How to Treat Turf Toe

Written by adrian archer
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How to Treat Turf Toe
Turf toe can be painful, but treatment options are available. (pied 4 image by Nathalie P from

Turf toe is a term used to describe a sprain of the first metatarsophalangeal (MTP) joint, which is a joint in the big toe. The most common cause of the spraining, or jamming, of this joint is impact from a contact injury in sports. The injury gets its name from the unforgiving synthetic grass used on sports fields where this type of injury originated. Treatment methods for turf toe range from home remedies to surgery.

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Things you need

  • Ice pad
  • Bandage
  • Orthotics

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  1. 1

    Try "RICE," which stands for rest, ice, compression and elevation. These steps are standard for many sports-related sprains and strains. Take a rest from physical activity for at least 24 to 48 hours after the injury, especially ones that may aggravate your turf toe. Ice the toe on and off, 20 minutes at a time every three or four hours. Wrap your toe in a bandage to limit range of motion in the achy joint, but keep the bandage loose enough so you do not cut off blood circulation. If your toe becomes numb, the wrap is too tight. Finally, elevate your toe by lying down and propping your foot on a couple of pillows. Keep the level of your toe above your heart to help reduce swelling.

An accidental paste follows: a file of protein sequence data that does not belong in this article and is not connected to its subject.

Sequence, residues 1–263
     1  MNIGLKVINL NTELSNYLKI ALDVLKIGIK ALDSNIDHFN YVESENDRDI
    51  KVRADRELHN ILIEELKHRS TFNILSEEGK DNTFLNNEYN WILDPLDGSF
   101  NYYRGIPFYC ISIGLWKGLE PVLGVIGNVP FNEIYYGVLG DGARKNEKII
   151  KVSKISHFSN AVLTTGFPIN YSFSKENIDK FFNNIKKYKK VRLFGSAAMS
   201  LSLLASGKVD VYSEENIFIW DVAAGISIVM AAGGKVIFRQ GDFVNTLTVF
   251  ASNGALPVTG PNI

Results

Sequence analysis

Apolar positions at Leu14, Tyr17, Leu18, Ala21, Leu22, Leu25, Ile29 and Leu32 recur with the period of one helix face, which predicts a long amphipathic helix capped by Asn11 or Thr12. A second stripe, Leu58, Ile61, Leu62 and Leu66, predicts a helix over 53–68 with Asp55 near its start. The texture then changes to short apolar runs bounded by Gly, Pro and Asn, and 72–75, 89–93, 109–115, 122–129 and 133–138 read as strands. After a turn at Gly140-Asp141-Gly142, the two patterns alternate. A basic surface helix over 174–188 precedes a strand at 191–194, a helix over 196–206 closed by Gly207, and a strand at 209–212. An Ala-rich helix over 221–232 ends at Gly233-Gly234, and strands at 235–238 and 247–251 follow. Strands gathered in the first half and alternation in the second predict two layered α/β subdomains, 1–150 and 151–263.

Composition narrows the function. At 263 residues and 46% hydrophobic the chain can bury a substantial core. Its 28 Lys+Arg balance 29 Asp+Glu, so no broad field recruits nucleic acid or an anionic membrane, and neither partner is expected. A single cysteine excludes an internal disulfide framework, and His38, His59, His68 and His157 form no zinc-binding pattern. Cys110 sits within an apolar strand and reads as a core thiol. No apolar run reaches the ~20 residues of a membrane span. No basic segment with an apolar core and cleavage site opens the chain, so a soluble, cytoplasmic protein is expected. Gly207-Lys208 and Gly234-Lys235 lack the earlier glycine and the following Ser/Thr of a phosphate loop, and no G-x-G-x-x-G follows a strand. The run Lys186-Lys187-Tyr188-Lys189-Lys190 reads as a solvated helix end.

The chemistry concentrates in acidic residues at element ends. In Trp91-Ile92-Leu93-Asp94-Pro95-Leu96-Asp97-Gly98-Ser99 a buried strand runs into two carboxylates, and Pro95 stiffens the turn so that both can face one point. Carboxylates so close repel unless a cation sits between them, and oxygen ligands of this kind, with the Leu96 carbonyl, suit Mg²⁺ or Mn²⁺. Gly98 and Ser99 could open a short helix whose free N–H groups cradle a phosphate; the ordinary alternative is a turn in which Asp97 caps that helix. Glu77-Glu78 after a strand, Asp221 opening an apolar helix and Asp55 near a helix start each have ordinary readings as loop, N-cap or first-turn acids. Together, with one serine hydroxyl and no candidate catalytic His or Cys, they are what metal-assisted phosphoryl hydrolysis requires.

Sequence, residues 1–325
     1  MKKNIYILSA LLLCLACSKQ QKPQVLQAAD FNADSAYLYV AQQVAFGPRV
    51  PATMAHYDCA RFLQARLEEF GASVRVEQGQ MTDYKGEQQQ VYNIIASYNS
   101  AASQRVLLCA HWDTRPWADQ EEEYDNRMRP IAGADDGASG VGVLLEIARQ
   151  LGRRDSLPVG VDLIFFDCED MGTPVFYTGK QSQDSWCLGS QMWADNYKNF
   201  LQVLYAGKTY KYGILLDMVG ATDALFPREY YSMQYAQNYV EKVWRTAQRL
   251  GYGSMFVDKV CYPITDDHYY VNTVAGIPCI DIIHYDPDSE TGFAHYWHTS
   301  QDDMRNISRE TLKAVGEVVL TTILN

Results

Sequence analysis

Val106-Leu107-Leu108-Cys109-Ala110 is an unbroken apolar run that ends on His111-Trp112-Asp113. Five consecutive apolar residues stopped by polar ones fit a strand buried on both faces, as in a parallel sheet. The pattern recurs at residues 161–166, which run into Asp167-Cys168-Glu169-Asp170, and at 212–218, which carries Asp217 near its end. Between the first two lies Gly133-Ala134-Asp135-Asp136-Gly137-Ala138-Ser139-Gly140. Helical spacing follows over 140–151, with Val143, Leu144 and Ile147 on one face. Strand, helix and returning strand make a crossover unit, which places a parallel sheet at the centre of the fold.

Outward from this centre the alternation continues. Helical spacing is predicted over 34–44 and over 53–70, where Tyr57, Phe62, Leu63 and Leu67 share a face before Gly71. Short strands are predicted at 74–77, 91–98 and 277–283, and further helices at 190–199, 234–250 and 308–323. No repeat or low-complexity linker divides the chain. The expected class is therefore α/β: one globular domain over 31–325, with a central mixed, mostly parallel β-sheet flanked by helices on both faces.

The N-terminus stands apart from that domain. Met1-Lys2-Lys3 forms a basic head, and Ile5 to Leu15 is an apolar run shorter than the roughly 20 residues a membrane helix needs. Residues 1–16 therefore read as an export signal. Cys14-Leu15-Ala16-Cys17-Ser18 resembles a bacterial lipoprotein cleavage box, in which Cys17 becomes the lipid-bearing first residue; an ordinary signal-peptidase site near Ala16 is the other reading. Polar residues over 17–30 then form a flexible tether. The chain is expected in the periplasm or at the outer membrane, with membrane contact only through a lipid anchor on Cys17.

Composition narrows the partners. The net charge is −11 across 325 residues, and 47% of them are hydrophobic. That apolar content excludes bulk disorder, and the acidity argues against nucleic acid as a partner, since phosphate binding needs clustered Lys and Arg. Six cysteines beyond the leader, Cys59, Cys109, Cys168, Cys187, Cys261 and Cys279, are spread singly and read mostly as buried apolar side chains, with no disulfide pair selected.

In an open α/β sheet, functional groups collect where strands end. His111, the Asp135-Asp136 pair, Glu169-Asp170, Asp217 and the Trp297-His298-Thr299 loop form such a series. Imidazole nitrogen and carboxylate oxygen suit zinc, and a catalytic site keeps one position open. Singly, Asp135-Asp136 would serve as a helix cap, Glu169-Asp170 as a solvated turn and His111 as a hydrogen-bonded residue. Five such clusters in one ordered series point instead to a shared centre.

2. 2

    Use orthotics to help relieve toe joint pain. Orthotics include a wide range of inserts and wraps that help to limit range of motion and provide support to sprained toes. Dancer's pads are felt pads that fit right under the forefoot and help redistribute pressure away from your big toe as you step. A turf toe strap wraps around the toe and has a tail that runs along the bottom of the foot. Turf toe straps help limit the range of movement of the toe, which helps the toe rest and heal. Simple arch supports can also help by allowing you shift more weight to your heel as you walk because of the extra heel support these orthotics provide.

  3. 3

    If your turf toe pain and swelling does not subside after RICE treatment and orthotics, consult a physician because you may need surgery. Surgeons can implant new tissue into your foot or even fuse your toe joints together if your turf toe injury is severe. Most surgical procedures for turf toe allow patients to bear at least partial weight on the foot with the damaged toe on the first day after surgery. However, do not expect to return to athletic activity until several weeks after surgery.

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